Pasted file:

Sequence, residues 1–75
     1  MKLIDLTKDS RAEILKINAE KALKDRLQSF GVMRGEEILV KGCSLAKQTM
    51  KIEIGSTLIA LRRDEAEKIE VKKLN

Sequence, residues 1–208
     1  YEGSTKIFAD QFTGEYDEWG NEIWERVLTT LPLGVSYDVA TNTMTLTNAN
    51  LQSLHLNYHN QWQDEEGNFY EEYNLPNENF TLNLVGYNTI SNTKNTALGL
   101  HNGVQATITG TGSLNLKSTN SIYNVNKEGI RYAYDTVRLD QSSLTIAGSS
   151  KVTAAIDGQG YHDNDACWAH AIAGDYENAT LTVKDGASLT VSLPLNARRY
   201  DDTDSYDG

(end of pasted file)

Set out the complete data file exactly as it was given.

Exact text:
Sequence, residues 1–75
     1  MKLIDLTKDS RAEILKINAE KALKDRLQSF GVMRGEEILV KGCSLAKQTM
    51  KIEIGSTLIA LRRDEAEKIE VKKLN

Sequence, residues 1–208
     1  YEGSTKIFAD QFTGEYDEWG NEIWERVLTT LPLGVSYDVA TNTMTLTNAN
    51  LQSLHLNYHN QWQDEEGNFY EEYNLPNENF TLNLVGYNTI SNTKNTALGL
   101  HNGVQATITG TGSLNLKSTN SIYNVNKEGI RYAYDTVRLD QSSLTIAGSS
   151  KVTAAIDGQG YHDNDACWAH AIAGDYENAT LTVKDGASLT VSLPLNARRY
   201  DDTDSYDG